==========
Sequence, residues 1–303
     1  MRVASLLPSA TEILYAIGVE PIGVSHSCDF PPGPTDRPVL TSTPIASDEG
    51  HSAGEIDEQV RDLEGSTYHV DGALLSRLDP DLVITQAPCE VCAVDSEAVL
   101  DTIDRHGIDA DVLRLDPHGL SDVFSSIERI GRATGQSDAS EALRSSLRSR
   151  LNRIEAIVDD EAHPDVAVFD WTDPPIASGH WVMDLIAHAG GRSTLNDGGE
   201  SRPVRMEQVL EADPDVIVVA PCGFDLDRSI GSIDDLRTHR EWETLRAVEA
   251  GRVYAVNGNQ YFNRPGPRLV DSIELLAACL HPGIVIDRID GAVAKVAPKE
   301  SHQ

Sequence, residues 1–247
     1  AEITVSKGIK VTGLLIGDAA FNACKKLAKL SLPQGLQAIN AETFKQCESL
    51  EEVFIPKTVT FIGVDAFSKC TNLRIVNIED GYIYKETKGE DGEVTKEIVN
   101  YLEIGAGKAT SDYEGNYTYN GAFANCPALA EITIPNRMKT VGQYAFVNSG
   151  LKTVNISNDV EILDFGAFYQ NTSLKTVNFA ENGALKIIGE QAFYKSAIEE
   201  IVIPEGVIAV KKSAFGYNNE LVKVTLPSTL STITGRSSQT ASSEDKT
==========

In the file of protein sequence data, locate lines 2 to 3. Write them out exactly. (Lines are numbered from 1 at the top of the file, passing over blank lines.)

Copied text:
     1  MRVASLLPSA TEILYAIGVE PIGVSHSCDF PPGPTDRPVL TSTPIASDEG
    51  HSAGEIDEQV RDLEGSTYHV DGALLSRLDP DLVITQAPCE VCAVDSEAVL